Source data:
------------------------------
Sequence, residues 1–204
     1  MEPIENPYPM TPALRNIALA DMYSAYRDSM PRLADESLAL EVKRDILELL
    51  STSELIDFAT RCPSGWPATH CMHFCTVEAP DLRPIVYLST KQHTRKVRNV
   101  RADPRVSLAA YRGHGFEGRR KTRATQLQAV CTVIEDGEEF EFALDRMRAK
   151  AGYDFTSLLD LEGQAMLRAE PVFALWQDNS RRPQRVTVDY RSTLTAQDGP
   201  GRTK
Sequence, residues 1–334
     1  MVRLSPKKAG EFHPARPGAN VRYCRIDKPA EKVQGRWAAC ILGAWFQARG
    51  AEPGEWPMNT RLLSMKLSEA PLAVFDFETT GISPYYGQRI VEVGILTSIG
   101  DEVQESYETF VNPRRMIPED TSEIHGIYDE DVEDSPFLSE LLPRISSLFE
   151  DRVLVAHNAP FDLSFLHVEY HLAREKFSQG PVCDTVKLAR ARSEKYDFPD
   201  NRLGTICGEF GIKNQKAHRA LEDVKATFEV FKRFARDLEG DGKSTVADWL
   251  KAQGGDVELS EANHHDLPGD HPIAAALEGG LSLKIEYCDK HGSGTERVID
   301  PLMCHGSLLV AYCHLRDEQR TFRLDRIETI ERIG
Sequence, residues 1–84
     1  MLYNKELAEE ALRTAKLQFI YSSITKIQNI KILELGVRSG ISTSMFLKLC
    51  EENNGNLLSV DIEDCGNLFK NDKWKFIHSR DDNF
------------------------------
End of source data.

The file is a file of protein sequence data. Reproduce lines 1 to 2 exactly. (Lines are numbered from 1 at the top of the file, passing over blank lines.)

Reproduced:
Sequence, residues 1–204
     1  MEPIENPYPM TPALRNIALA DMYSAYRDSM PRLADESLAL EVKRDILELL